Life came crashing on the 30 year old IT professional from Bengaluru, Tuhin Bose on 15th of October when he was rushed to Fortis, Anandapur, early morning with dropping heart rate and drowsiness. An MRI detected a tumor in the fourth ventricle compressing the brainstem and cerebrospinal fluid pathway. What he initially thought to be a simple headache, turned out to be a tumor.
Tuhin was planning to get married in November but this incident made everything go haywire. The deterioration in his condition was quite rapid and he was rushed to the hospital. The tumor was obstructing the pathway of Cerebrospinal Fluid (CSF). This fluid circulates in and around the brain and if its pathway is obstructed, it can cause increase of pressure in the brain and eventually cause death. In Tuhin’s case, the tumor was compressing the brainstem, which is also responsible for heartbeat, breathing, consciousness, eye movements, balance, control of limb movements, facial movements, etc.
Without wasting time, he was quickly wheeled into the operating room. The tumor was in the fourth ventricle, which is a cavity through which CSF flows. This cavity is right behind the brainstem and in front of the cerebellum, a part of the brain responsible for maintaining our body balance. With extreme caution, the tumor was dissected from these vital structures completely and the pressure on the brainstem was released with the normal CSF flow established. The operation was a grand success.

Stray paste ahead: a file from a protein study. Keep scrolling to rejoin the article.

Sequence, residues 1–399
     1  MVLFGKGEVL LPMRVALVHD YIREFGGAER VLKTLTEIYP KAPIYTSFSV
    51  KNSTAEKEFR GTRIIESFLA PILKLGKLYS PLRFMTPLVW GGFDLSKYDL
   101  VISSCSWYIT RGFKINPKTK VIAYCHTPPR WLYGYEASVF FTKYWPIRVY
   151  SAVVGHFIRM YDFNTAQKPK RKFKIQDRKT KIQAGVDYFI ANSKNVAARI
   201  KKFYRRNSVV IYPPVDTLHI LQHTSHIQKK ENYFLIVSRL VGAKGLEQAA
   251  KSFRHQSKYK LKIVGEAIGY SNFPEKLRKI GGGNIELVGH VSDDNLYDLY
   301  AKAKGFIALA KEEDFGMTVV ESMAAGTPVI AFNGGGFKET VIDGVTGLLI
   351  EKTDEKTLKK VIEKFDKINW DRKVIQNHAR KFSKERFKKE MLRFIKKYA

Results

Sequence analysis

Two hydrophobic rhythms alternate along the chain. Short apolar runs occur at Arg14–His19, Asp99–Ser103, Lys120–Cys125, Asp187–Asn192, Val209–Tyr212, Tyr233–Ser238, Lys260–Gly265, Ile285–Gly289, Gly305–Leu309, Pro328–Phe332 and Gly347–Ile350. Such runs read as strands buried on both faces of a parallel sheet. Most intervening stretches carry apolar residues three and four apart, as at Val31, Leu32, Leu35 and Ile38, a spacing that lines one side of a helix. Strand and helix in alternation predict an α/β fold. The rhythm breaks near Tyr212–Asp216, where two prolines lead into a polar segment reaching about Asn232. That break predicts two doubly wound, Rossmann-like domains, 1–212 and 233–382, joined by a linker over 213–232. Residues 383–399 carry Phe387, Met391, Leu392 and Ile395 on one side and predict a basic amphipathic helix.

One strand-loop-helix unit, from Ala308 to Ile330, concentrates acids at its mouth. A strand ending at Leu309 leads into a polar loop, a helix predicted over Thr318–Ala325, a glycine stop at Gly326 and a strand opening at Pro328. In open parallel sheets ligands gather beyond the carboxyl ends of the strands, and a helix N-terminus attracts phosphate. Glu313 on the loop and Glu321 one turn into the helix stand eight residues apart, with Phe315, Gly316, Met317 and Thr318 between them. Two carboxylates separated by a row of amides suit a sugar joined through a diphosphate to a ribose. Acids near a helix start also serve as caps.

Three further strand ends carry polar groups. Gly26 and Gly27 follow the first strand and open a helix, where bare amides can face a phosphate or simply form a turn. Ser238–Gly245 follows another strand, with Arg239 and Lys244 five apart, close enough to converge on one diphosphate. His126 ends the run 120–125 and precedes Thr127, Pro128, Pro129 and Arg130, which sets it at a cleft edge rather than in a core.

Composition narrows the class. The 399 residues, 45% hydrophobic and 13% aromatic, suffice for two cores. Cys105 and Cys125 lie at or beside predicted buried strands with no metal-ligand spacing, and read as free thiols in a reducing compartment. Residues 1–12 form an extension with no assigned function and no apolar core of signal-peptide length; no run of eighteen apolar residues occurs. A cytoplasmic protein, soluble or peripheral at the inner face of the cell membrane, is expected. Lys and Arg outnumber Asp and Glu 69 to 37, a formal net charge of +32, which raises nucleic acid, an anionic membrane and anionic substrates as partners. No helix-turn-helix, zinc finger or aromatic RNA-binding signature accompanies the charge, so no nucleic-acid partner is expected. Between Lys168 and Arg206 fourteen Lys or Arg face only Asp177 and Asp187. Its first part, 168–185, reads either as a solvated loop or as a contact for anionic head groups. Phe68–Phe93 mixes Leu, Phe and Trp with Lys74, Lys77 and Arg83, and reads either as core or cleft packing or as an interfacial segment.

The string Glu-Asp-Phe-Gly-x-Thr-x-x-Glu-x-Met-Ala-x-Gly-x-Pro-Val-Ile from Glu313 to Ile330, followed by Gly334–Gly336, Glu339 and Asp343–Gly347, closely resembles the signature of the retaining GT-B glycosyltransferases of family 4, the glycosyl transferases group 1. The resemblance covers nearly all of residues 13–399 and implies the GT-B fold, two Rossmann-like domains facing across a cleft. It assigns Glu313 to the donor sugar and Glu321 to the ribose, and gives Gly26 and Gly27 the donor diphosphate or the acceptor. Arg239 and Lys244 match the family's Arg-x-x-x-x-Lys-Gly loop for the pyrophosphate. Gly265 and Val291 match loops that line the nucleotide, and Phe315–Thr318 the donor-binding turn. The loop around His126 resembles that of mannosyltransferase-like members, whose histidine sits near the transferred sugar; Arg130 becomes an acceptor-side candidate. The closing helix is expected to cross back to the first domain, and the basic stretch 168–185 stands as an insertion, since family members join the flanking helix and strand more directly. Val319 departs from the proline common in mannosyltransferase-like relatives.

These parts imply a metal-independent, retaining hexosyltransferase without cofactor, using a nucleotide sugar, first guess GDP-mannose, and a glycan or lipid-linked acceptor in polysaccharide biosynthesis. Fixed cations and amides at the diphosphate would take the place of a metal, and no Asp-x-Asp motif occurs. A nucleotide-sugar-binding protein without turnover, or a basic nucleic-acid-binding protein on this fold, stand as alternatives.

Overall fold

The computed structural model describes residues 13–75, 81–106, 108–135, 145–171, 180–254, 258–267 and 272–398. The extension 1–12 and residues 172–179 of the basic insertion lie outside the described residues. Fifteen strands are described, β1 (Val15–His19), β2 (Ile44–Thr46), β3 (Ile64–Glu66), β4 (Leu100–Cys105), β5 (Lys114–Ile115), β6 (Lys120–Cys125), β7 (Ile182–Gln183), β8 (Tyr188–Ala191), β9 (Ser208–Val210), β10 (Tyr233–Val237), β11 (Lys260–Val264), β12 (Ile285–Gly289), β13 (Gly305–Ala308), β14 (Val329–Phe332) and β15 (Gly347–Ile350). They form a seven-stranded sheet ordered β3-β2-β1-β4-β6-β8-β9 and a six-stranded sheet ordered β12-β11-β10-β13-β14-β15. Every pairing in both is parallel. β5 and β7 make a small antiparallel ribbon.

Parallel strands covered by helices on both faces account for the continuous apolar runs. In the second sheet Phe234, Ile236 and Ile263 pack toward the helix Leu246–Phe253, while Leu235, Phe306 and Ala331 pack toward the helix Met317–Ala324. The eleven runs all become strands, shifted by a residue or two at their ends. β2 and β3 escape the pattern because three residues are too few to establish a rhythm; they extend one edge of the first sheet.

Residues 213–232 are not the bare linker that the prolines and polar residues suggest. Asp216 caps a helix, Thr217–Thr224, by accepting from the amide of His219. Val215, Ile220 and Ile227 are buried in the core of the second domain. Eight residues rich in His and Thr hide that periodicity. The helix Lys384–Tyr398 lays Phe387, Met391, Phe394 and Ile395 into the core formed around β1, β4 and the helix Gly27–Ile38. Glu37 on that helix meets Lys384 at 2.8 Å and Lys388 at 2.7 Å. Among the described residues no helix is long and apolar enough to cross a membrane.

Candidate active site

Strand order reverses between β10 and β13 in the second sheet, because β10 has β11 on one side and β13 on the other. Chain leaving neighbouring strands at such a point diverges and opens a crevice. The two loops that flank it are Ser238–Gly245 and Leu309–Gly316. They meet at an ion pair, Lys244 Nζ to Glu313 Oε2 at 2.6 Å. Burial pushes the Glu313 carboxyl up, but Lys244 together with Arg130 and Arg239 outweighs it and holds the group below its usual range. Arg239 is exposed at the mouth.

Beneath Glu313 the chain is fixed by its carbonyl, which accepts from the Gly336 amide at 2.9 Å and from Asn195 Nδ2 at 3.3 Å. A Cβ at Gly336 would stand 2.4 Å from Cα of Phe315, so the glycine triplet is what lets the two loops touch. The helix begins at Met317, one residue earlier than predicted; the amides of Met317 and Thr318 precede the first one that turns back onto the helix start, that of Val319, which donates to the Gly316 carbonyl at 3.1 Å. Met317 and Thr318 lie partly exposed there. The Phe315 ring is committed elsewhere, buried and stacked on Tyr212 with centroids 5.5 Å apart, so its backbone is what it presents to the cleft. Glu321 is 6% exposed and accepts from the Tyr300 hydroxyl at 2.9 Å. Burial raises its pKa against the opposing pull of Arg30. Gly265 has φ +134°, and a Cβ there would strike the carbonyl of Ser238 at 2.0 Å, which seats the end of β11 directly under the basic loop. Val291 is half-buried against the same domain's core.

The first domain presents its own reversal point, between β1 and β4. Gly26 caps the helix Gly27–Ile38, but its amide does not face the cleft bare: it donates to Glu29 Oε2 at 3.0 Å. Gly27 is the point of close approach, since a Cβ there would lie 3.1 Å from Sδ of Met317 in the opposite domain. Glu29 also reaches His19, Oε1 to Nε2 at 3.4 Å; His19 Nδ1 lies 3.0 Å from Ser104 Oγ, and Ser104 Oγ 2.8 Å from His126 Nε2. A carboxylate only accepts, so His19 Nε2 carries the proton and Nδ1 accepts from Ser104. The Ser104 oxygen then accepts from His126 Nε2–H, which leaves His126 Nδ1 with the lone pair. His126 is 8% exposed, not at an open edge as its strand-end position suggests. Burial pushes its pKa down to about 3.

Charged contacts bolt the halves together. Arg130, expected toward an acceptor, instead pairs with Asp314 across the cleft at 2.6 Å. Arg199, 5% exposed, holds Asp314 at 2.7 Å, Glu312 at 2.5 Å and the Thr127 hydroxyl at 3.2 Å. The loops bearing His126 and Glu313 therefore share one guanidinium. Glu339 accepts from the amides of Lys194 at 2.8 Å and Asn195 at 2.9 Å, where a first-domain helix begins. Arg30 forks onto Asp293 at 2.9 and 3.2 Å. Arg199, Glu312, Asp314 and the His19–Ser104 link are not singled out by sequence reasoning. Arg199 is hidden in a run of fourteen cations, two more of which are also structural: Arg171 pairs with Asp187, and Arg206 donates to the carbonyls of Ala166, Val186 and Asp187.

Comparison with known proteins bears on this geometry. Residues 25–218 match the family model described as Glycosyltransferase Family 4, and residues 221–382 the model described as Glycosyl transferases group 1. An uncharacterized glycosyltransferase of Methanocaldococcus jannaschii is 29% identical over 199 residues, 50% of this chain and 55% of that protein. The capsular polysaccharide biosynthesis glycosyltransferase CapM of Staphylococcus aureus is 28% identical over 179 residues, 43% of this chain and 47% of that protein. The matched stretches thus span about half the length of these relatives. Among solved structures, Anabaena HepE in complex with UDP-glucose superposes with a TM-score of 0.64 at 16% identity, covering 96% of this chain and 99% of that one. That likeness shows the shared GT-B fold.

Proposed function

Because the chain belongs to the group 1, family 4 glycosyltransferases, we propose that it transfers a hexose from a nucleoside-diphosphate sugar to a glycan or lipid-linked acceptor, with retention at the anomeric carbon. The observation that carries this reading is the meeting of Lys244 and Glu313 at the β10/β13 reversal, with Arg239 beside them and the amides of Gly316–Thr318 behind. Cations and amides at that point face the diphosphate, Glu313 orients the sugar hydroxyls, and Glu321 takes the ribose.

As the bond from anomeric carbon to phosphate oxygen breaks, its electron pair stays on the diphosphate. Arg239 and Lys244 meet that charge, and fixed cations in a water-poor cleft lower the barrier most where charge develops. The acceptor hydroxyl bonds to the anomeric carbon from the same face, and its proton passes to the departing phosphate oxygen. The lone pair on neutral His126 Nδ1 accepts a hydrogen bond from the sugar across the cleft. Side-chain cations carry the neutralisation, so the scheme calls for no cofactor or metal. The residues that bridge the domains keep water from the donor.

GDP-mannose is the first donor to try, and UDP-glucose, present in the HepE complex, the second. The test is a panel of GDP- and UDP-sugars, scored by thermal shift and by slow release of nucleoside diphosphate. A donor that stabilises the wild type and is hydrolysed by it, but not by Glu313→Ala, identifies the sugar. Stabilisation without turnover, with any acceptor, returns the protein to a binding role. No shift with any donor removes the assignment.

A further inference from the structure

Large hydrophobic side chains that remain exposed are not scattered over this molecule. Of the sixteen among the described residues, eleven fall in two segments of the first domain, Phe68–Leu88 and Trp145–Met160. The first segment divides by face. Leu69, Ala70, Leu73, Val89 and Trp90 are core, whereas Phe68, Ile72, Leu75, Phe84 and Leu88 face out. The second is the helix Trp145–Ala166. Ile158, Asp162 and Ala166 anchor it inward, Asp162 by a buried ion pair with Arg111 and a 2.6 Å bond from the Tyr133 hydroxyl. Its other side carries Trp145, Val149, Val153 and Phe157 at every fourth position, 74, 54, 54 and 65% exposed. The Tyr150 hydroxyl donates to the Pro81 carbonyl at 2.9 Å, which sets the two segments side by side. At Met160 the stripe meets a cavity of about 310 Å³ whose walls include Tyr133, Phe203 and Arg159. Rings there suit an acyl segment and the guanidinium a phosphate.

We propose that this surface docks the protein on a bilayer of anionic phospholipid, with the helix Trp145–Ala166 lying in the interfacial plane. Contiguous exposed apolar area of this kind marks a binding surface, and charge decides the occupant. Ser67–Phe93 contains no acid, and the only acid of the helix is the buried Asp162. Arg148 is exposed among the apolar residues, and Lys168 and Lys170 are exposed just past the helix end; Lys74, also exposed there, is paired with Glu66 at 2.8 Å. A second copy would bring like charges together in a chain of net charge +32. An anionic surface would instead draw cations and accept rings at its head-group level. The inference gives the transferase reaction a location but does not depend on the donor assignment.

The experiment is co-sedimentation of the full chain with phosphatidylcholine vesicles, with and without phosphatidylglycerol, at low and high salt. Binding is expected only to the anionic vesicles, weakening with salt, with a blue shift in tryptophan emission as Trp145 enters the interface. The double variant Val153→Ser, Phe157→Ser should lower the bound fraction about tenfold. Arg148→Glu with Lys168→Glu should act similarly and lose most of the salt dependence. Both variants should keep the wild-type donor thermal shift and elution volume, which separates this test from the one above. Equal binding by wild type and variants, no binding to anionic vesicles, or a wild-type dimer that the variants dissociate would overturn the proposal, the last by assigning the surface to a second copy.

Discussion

In medical terms this was a classic case of “Hemangioblastoma”. Hemangioblastomas are rare tumors that occur in blood vessels of the brain and spinal cord. They may appear anywhere in the brain but are most often found in the cerebellum and the brainstem in the lower back section of the skull called the posterior cranial fossa. It is estimated that hemangioblastomas make up only 1 percent to 2.5 percent of all brain tumors.
Although hemangioblastomas are benign (noncancerous) tumors, if they are located adjacent to a vital structure they can pose a serious threat and are difficult to treat. They attach to the pia mater, the innermost layer of the membranes surrounding the brain and spinal cord (the meninges), deriving their blood supply from this source.
While there is no known cause for most hemangioblastomas, about 25 percent of the tumors are linked to a genetic syndrome called von Hippel-Lindau (VHL) disease, a condition that also includes vascular abnormalities in the retinas and an increased risk of developing cancers in various organs, such as the kidneys, adrenal glands and pancreas.Hemangioblastomas associated with von Hippel-Lindau disease often recur after surgical removal.
To rule out VHL an abdominal ultrasound was conducted and it was clean.
Seeing that the patient survived the operation well, the family’s next question was whether he will be able to lead a normal life and whether the family should postpone the marriage. However, Dr. Amitabha Chanda was confident that Tuhin should do well and should be able to get married.
Tuhin finally made it to his wedding day without any hitch.